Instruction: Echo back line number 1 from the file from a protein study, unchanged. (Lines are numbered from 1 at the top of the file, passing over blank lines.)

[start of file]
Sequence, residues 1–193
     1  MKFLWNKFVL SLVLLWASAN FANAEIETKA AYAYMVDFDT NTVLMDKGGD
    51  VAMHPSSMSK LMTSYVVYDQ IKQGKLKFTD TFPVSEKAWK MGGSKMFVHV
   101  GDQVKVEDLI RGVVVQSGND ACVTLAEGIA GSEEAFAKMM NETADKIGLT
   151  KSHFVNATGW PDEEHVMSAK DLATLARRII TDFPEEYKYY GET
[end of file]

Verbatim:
Sequence, residues 1–193